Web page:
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Nobody’s Transvestite Fantasy (1999)

Nobody’s Transvestite Fantasy (1999)

©1999, 2013 by Dallas Denny

Source: Dallas Denny. (1999, October). Nobody’s transvestite fantasy. TG Forum.

This article was written for Changing Men magazine, which abruptly folded just as it was due to be published. It was touch and go whether there would be a final issue, but it eventually proved to be stillborn. And so Nobody’s Transvestite Fantasy was published for the first time on TG Forum.


Nobody’s Transvestite Fantasy

By Dallas Denny


Before I embarked on my transsexual journey, I was not, as psychoanalyst Robert Stoller was known to characterize male-to-female transsexuals, “among the most feminine of men.” Nor was I “among the most masculine of men.” No, I was just ordinary-masculine. Lynne, my wife, accused me of acting a bit light in the loafers on occasion, but she assured me it was nothing to worry about. It was just an occasional limpness of the wrist or other minor slip of my masculine facade.

I looked maybe a little like John Belushi; in fact, I once won a bottle of champagne at a Halloween party for stalking about all night in a bathrobe, doing Belushi’s samurai from Saturday Night Live. I never broke character. When I won a bottle of champagne for best costume, I looked at the proffered bottle of champagne and grasped the hilt of my sword and lifted an eyebrow, and everybody stepped back to give me room.

I was a gentle man, a loving man, but testosterone can do strange things; occasionally, I would give in to it. Picture this: I’m maybe 24 years old. I’m in grad school and penniless and my 1963 Fiat convertible has broken. I’m lying underneath it in the dark, the transmission balanced on my chest, trying to get it past the rack-and-pinion steering so it will mate with the engine. It’s not working. I’m filthy from head to foot: leaves are in my hair and in my beard, my hands and arms and face are black with grease. I wrestled with this project all day yesterday, and I’ve been at it twelve hours already today. I lift the transmission until my muscles rebel, and then, sometimes not that gently, set it on my chest, lower it to the ground, squirm out from under the car, turn the steering wheel a bit, prod the malfunctioning drop light with my foot to get it working again, and crawl back under the car. My arms ache. My eyes burn from stuff falling in them. Sharp rocks gouge my back. I hate what I’m doing: hate being dirty, hate the pains in my arms, hate the transmission I’m hugging, the car I’m putting it into, and the world in general. After two days, I’ve worked myself in a pretty damn foul mood.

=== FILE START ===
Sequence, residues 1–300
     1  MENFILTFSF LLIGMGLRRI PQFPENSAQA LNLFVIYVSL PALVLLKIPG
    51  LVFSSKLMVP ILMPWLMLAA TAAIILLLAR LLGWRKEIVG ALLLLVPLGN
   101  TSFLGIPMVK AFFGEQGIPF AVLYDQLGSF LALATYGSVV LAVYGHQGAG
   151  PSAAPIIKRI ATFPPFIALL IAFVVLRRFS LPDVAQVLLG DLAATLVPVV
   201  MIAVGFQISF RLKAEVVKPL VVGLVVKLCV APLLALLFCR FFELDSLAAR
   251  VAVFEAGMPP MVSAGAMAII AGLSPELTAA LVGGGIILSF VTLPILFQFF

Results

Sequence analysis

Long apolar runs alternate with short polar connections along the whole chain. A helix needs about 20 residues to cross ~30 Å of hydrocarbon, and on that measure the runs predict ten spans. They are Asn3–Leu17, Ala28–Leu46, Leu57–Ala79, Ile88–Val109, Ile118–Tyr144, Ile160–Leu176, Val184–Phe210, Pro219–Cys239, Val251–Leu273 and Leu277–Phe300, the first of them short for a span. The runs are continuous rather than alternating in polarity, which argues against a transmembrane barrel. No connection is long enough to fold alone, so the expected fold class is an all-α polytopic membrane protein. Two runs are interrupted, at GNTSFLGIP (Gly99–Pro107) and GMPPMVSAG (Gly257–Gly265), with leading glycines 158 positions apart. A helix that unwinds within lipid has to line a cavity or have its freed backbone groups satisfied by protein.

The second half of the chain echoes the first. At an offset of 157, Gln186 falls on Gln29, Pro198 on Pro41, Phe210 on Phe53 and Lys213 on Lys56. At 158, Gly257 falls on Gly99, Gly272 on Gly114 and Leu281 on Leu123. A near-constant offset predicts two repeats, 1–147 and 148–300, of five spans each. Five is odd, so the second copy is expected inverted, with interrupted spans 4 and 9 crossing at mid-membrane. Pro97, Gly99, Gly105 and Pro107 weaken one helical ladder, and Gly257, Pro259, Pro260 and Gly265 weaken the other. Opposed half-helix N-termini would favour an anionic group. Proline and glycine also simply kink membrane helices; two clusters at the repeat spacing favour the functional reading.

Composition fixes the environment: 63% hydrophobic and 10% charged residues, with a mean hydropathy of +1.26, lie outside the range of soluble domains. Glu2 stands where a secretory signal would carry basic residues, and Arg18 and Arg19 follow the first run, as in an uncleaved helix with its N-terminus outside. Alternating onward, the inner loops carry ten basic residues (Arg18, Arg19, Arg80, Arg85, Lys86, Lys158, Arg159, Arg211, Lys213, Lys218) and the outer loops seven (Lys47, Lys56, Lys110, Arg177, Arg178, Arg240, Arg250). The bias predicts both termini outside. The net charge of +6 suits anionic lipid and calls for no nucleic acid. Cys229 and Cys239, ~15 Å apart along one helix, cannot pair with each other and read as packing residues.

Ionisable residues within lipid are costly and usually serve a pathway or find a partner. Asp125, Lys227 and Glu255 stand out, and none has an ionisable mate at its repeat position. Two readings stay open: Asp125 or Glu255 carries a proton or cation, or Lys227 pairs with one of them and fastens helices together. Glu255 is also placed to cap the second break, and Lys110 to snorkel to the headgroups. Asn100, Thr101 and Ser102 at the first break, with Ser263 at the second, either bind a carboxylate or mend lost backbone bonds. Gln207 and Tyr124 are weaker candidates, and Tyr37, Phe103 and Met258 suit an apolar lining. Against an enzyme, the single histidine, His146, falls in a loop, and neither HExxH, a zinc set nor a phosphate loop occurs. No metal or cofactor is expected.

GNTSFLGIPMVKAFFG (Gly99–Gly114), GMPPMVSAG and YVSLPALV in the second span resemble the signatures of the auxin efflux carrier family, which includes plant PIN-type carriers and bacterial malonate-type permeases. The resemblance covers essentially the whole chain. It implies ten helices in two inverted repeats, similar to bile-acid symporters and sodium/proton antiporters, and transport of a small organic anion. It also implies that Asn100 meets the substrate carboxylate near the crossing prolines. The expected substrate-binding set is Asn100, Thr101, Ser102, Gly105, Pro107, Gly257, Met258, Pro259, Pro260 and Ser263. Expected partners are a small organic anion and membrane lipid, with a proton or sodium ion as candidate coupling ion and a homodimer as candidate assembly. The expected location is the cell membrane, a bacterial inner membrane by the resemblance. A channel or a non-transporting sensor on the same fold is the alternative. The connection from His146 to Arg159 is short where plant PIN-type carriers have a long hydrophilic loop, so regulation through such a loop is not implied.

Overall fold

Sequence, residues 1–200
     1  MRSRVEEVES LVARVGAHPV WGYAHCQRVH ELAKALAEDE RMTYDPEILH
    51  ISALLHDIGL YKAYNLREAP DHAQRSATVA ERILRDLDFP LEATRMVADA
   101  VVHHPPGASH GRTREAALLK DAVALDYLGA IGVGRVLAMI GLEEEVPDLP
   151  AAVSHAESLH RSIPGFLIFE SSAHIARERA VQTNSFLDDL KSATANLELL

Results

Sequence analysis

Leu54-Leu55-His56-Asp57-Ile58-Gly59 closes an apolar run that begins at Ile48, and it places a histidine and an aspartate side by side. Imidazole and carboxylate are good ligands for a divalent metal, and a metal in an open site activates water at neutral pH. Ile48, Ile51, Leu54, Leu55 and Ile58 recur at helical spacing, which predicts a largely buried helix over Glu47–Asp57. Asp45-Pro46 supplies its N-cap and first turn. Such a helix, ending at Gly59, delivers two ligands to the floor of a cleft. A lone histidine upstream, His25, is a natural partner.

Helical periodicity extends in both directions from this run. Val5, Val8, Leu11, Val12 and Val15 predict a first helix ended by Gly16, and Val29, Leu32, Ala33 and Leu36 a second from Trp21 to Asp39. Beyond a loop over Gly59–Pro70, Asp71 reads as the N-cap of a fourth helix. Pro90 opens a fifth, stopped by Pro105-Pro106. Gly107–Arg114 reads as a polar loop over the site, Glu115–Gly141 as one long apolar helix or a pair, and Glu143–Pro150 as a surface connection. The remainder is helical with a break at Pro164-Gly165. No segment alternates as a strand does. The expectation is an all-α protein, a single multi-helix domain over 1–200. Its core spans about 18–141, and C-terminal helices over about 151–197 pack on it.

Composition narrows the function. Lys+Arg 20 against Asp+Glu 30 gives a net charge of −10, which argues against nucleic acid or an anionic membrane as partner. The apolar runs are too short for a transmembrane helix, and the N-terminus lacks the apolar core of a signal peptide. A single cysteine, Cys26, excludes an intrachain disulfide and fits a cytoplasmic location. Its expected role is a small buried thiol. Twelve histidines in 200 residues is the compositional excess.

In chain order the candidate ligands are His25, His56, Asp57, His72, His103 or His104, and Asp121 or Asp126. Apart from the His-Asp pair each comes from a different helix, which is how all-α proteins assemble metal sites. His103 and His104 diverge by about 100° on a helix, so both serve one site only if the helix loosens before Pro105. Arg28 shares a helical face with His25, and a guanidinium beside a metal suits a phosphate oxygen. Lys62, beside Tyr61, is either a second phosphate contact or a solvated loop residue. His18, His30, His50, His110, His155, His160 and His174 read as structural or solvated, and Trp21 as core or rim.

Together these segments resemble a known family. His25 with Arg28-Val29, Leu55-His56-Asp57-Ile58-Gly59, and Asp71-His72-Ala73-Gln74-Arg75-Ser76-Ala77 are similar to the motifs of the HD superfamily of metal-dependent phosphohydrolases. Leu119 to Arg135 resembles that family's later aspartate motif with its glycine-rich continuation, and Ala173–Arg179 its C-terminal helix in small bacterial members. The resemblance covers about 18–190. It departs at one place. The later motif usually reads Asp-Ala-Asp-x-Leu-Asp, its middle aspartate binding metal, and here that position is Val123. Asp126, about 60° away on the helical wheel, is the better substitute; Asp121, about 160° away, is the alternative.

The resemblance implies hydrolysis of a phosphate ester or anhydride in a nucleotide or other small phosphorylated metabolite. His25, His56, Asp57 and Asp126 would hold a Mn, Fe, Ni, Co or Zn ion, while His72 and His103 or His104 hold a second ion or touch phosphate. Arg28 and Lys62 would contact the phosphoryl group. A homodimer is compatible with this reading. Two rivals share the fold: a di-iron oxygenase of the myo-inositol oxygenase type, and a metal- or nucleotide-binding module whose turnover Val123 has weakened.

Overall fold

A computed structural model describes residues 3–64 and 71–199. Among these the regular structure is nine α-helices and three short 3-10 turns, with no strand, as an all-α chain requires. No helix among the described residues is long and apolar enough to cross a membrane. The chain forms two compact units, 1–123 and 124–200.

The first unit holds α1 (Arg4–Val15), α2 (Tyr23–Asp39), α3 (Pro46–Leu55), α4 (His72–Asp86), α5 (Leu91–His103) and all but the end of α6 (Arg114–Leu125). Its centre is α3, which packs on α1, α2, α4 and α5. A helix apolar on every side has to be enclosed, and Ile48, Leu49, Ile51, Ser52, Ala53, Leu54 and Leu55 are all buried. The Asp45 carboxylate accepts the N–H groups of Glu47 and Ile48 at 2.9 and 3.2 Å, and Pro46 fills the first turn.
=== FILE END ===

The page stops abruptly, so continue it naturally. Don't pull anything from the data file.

Inside my trailer home is John, an art fag [1] type Lynne, my wife, met at school in a drama club, and who, at her invitation, is staying with us because it’s between quarters at the university and the dorms are closed. Lynne, who took pity on him and told him he could stay with us until the dorms re-opened, has flown away to work, leaving me alone with him.

For forty-eight hours, John has been watching television and eating everything in sight. He is a veritable vacuum cleaner for food: chips, vegetables from the crisper, canned goods, dried fruits—our entire larder has been disappearing at an alarming rate, and we have no money to replace what he has devoured. Of course, John didn’t bother to bring any food and hasn’t offered us compensation for what he is eating. I am already pissed at him for making a stylized pass at Lynne, under the guise of an audition for a play he is directing.

About once an hour for most of the day, I’ve crawled out from under the car, stood up achily-breakily, and gone into the house to politely ask John to please help me by turning the steering wheel as I try to maneuver the transmission into place. Each time, he has halfheartedly come outside, moved the wheel listlessly a couple of times, and then gone back inside to fry some more potatoes and watch another episode of Gilligan’s Island. He has no grease under his nails, no leaves in his hair, and I’m beginning to hate him for it.

I can’t remember, more than twenty years after the fact, what John had eaten that finally set me off, but when I went in to make some lunch and found the makings gone, I let him have it. “You cocksucker,” I said. “You sit here in my house and eat my food and watch my television and you would screw my wife if you could, and yet you can’t be bothered to get off your ass and help me for a few minutes. Get the fuck out there and grab that steering wheel, and if you let go of it before I tell you to, you’d better be gone when I come out from under the car.”

John, wide-eyed, grabbed a flashlight, ran outside, and obligingly maneuvered the wheel until I worked the transmission around the steering arm. I don’t know what made me feel better—that transmission sliding into place after two days, or John’s fear of a crazed 250-pound Belushi-like madman. For a brief, shining moment, being a man didn’t seem like such a bad deal.